Compare the best ISA rates for over-50s UK 2023
If you're over 50 looking for the best ISA rates, this guide will provide all the information you need.
With an ISA you don’t need to pay tax on any interest earned, so you should definitely consider one when it comes to saving money for your retirement. Read on to find out more about their pros and cons, how they compare with bonds and how to find the best ISA rates for over 50s.
Best cash ISA rates
We update our data regularly, but information can change between updates. Confirm details with the provider you're interested in before making a decision.
How to find the best ISA rates for over-50s
If you are over 50 years old and you’re looking for the best ISA rates, you may as well compare the whole market. ISAs are available to anyone aged over 16. There may be some providers only offering their ISAs to over-50s, but there’s no guarantee that these providers will offer superior rates. Even if they do, these deals will still be found within traditional price comparison website results.
Whatever age you are, your best bet for finding the best ISA rates is to use price comparison websites.
Which are the best ISAs for over-50s at the moment?
Our best ISAs for over-50s are the highest interest rates available. To get the latest rates, we use Moneyfacts data, which covers nearly the full market of savings products and is checked and updated daily. We don’t include accounts from private banks.
All the cash ISAs in our list have savings protection – for most, this is the Financial Services Compensation Scheme (FSCS). Other schemes include that of NS&I, which is 100% backed by HM Treasury, and the Gibraltar Deposit Guarantee Scheme.
- Virgin Money – 1 Year Fixed Rate Cash ISA Exclusive Issue 6 - 5.85%
- Shawbrook Bank – 1 Year Fixed Rate Cash ISA Bond Issue 81 - 5.83%
- Charter Savings Bank – 1 Year Fixed Rate Cash ISA - 5.8%
- Close Brothers Savings – 1 Year Fixed Rate Cash ISA - 5.78%
- UBL UK – 1 Year Fixed Rate Cash ISA - 5.77%
Why choose ISAs for retirement?
The key benefit of saving for your retirement inside an ISA is that you’ll pay no tax on your savings interest. This could be particularly important as your retirement approaches and you (hopefully) have a lot of money stored away.
Stocks and shares ISAs are generally regarded as a better bet if you’re planning on saving for retirement, as they tend to deliver better long-term returns than cash ISAs.
Still, with either type of account, you have the option to withdraw your funds without too many negative implications.
Then, there’s the lifetime ISA, where you can earn up to £32,000 in free government money to put towards your retirement on top of any interest earned.
Still, if you are planning on saving for your retirement in cash or stocks and shares, you may as well do so within a tax-free wrapper.
Which is better: ISAs or bonds?
Bonds are a contract, where you lend money to a third party and get it back with interest after a determined amount of time.
Fixed-rate ISAs are tax-free savings accounts that pay interest, but you won’t be permitted to withdraw the money outside of the fixed-rate period.
So, the result is the same for the customer and the interest rates on offer are similar too.
The only key difference is that you won’t pay tax on savings interest within an ISA.
However, since the introduction of the personal savings allowance, which states that basic-rate taxpayers and higher-rate taxpayers can earn £1,000 and £500 of tax-free savings interest per year respectively, this difference only really affects the country’s highest earners.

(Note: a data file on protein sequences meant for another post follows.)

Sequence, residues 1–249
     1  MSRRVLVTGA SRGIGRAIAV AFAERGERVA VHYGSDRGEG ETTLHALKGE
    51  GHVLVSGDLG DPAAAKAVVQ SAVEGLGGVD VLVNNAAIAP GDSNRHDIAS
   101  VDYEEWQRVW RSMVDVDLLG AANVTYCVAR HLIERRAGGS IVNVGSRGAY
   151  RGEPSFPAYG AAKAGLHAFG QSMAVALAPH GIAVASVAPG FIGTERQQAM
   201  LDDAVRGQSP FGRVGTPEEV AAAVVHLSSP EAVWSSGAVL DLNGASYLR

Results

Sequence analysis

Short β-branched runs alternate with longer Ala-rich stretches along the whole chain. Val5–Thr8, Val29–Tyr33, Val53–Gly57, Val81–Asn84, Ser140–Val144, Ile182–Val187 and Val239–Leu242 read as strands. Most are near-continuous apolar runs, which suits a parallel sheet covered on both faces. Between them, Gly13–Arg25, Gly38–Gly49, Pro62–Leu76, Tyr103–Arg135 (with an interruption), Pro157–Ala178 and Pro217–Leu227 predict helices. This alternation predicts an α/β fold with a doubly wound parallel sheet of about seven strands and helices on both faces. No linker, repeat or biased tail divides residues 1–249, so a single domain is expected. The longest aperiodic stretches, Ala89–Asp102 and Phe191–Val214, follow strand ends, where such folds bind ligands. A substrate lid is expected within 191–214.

Pros and cons of an ISA
- Earn tax-free interest on your savings
- You can deposit funds into a cash ISA and a stocks and shares ISA
- There is a limit on the amount you can deposit per tax year
- To get the best rates, you’ll have to lock up your funds for a few years
An overview of our cash ISA rates for over-50’s comparison
|Rates up to||5.85% AER|
|Number of accounts||517|
|Number of brands||89|
|Opening options||Website, branch, post, mobile app, telephone|
The bottom line
ISAs can be a useful savings tool especially if you’re saving for your retirement, but there are no special benefits available for over-50s.
More guides on Finder
Cost of living statistics 2023
We looked into what Brits are planning to sacrifice to keep their savings and finances afloat amid a cost of living crisis.
What is a tracker savings account and how does it work?
Find out how tracker savings accounts work and how you could benefit.
Working from home and hybrid working statistics
Our research found that 38% of Brits work from home at least some of the time. We look at who is working from home and how working from home affects productivity.
Best 5-year fixed-rate bonds
Discover all you need to know about 5-year fixed-rate bonds, including how to find the best one for you.
The safest bank in the UK
While there is no such thing as absolute safety, there are a few things you can look at to try and figure out how likely your bank is to collapse.
Business savings accounts
Is your UK business looking for a savings account? We explore the benefits of opening one and what you should consider before you do.
Disposable income in the UK
Where in the UK can you make the most and spend the least?
What Is Annual Equivalent Rate (AER)?
The AER, or Annual Equivalent Rate, is the official rate for savings accounts. It’s designed to allow easy comparisons between accounts.
Cash ISA vs savings accounts: Which is better?
Choosing between ISAs or normal savings accounts is easier than it seems. Pick the one which pays out most! Read our guide for tips on how to get the most out of your savings pot.
Landbay: Peer-to-Peer Lending and Borrowing
Explore the alternative investment options on offer with Landbay. The property backed P2P provider might be the right option for you.